These are extraordinarily difficult times for managing the economy.
Gone are the halcyon days when a lowering of taxes here or a raising of interest rates there would suffice, when a little more unemployment could be traded off for a little less inflation, and when government revenues could be depended upon to grow at a geometric pace that would cover all or most of the costs of new spending programs. Today, a finance minister is confronted with contracting revenues, simultaneously rising unemployment and inflation, and historically high deficits and interest rates. Over the whole desolate scene hovers the dollar, like a raven in search of carrion on the Arctic tundra.
Into that tundra strode Finance Minister Jean Chrétien last week with a budget, his third such foray in little more than a year. Chrétien was walking along an extremely narrow path. On one side, with the United States slipping into a near-recession, he faced demands
to stimulate the economy; on the other, with the government’s deficit already high and the dollar poised to drop again if it went much higher, he encountered cries for restraint. Putting aside the temptation to do nothing at all, he gambled—and injected some stimulus into the country’s economic arteries, though not as much as many critics had advised. As a result of the budget, this year’s deficit will rise to $12.1 billion from $11.8 billion and next year’s to $10.75 billion from $9.7 billion. Said Chrétien: “Of course, some would have wanted more, but I have offered the maximum I could under present circumstances.”
Chrétien was gambling that the nameless, faceless men who control the world’s currency markets would not react to the increased deficits by selling off Canadian funds and driving the value of the dollar even further down.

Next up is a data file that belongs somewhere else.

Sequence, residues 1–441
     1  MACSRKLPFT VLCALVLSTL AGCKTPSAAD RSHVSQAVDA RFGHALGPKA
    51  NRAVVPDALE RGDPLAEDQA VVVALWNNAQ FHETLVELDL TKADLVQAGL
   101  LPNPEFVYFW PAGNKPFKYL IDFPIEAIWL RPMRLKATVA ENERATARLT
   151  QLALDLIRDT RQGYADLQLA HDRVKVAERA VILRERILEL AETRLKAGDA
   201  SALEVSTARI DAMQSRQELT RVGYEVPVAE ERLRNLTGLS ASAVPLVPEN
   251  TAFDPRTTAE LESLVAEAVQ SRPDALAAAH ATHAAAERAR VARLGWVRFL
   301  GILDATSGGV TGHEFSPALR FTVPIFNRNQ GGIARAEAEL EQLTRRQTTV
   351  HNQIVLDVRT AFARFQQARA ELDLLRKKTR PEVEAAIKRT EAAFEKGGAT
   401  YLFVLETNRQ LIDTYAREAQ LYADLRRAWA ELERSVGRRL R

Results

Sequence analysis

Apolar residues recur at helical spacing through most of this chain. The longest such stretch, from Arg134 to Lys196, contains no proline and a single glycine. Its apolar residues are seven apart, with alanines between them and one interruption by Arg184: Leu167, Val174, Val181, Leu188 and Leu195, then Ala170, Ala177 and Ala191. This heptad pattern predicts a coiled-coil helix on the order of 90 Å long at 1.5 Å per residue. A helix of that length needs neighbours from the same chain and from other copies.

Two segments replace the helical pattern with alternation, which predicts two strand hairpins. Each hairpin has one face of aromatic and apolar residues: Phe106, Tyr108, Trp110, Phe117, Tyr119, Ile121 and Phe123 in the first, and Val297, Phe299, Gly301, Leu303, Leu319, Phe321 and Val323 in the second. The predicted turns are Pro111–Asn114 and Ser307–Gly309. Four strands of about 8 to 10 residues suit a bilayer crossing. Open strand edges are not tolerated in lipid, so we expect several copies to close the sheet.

On the evidence of the first day following the budget, he won that gamble as the dollar did not merely hold its own, but actually edged up a bit, back above 85 cents. (Speculators had driven its value below 85 cents on the eve of the budget in anticipation that Chrétien would go farther than he did to stimulate the economy.)
Chrétien was also gambling that the economy would keep on expanding in spite of the difficulties in the U.S.— Canada’s biggest market—and that it.
required only modest stimulus to reach the finance department’s target of 4.5per cent growth in real output next year. On that score, the evidence will remain inconclusive for some time. It is a fact, however, that even if the department’s target is achieved, unemployment will remain unacceptably high.
But it is inflation, not unemployment, that is now preoccupying Chrétien and his department. They believe the lower value of the dollar has provided the basis for a strong economic revival in Canada, as long as prices and wages can be held in check. On the price side, the most effective fiscal instrument is a cut
in provincial sales taxes. But Chrétien tried that in his April budget and encountered strong political opposition. So last week Chrétien cut the federal sales tax, which is levied on the manufacturers, not the ultimate consumers, to nine per cent from 12 per cent, costing the federal treasury $1 billion in the next year.
Having dealt with prices through a sales-tax cut, Chrétien felt he still had some money left over to cut personal income taxes and, he hoped, relieve some pressure from wage demands as controls are phased out. Thus, the standard tax deduction of up to $250
offered to all wageand salary-earners was doubled to $500 and unemployment insurance premiums were cut by 15 cents for every $100 of weekly insurable earnings. These two measures, combined with the automatic tax cut resulting from the inflation indexing of personal income taxes, will mean an overall saving of more than $2 billion for taxpayers next year.